Identifying laws that limit rights and freedoms

2.51     The first of the tasks of this Inquiry is to identify Commonwealth laws—not state and territory laws—that encroach upon traditional rights, freedoms and privileges.[85] There is no doubt that laws often encroach on traditional rights and freedoms. In Malika Holdings v Stretton, McHugh J said that ‘nearly every session of Parliament produces laws which infringe the existing rights of individuals’,[86] although perhaps fewer encroach on the most important and fundamental of common law rights.[87] This Report sets out many of the Commonwealth laws that may be said to interfere with the common law rights and freedoms listed in the Terms of Reference. It provides an extensive survey of such laws, without making a judgment about the justification for them.[88]

2.52     The Terms of Reference ask the ALRC to include consideration of Commonwealth laws in the areas of commercial and corporate regulation, environmental regulation, and workplace relations.[89] These laws are highlighted throughout this Report.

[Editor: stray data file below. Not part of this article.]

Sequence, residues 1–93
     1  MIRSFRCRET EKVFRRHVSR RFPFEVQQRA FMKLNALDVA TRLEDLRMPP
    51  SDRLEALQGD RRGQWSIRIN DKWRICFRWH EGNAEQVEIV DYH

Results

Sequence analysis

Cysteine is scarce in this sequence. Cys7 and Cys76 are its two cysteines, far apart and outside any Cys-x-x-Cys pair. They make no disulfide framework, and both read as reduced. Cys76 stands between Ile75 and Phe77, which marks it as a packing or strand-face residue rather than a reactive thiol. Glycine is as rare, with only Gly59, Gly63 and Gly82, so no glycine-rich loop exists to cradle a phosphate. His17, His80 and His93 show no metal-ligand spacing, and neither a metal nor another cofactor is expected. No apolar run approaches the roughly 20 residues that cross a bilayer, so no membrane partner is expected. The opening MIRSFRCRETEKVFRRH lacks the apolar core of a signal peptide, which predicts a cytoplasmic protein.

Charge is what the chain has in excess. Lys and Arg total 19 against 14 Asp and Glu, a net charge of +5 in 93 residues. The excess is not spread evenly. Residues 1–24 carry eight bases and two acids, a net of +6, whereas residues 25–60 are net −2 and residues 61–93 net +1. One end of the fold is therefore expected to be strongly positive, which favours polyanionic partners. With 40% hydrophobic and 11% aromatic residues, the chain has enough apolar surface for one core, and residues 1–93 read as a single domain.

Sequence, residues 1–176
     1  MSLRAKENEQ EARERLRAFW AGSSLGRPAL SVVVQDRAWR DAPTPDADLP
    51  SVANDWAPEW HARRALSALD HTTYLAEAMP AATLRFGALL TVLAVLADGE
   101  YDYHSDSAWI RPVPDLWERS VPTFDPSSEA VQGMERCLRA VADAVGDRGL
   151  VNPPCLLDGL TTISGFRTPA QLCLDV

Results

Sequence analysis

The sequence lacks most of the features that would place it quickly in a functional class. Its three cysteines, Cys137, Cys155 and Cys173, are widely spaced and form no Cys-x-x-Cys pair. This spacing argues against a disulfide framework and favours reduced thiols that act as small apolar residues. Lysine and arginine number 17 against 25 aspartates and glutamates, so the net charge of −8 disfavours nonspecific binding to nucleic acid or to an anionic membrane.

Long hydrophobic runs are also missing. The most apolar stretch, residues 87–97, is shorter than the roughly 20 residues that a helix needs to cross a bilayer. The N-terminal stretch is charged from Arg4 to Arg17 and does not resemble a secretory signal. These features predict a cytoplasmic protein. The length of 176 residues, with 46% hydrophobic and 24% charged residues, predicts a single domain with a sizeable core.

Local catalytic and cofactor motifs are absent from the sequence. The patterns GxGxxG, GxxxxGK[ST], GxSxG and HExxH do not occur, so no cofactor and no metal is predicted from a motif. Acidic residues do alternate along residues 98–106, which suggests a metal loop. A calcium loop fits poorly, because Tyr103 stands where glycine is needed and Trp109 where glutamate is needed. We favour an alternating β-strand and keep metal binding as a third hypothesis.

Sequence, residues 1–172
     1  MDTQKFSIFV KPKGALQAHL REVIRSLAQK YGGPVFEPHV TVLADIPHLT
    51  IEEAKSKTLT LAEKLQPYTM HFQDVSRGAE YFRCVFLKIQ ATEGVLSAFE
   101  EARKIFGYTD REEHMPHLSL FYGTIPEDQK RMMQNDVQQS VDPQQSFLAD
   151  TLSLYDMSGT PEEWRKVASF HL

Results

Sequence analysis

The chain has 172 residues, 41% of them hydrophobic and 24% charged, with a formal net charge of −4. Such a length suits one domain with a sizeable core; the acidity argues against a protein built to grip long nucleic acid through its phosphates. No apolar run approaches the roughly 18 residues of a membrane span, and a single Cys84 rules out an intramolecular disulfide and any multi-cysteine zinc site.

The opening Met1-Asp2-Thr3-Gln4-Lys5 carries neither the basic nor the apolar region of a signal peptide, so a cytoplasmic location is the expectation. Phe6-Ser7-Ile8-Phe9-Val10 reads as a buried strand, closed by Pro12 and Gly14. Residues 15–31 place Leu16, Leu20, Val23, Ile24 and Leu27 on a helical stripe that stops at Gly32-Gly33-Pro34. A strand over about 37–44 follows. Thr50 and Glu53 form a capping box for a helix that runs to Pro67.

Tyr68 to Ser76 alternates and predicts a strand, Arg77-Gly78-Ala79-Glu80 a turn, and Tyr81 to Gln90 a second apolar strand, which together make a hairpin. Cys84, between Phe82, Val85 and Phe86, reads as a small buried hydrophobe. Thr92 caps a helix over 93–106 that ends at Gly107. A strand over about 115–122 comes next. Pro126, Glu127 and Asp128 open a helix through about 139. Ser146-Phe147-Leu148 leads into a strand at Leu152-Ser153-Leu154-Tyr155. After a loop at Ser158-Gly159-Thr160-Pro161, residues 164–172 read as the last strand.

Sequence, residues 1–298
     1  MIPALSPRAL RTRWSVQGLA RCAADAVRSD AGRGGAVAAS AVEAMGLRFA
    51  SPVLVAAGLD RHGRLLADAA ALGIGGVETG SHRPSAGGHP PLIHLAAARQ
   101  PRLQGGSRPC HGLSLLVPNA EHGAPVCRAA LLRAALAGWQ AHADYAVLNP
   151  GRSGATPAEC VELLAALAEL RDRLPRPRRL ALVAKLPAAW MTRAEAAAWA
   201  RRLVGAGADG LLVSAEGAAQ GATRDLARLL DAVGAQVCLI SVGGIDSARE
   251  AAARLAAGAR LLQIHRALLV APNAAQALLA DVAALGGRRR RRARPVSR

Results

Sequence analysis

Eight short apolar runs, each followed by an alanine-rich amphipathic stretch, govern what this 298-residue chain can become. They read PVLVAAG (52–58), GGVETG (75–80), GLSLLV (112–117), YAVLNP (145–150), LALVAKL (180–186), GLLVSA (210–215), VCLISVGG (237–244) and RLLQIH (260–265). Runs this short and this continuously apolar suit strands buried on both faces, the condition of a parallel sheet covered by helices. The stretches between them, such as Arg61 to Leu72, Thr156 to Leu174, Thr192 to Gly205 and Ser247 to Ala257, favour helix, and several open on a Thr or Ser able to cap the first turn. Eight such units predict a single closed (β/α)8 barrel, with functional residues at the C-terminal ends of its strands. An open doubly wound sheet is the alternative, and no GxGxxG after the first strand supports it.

2.53     Having identified laws that affect traditional rights and freedoms, the second task was to ask whether the laws were appropriately justified. The following section discusses justifications for limits on important rights and principles at a general level—and particularly the framing principle of proportionality. More particular justifications are then discussed throughout the Report, in the context of the rights listed in the Terms of Reference.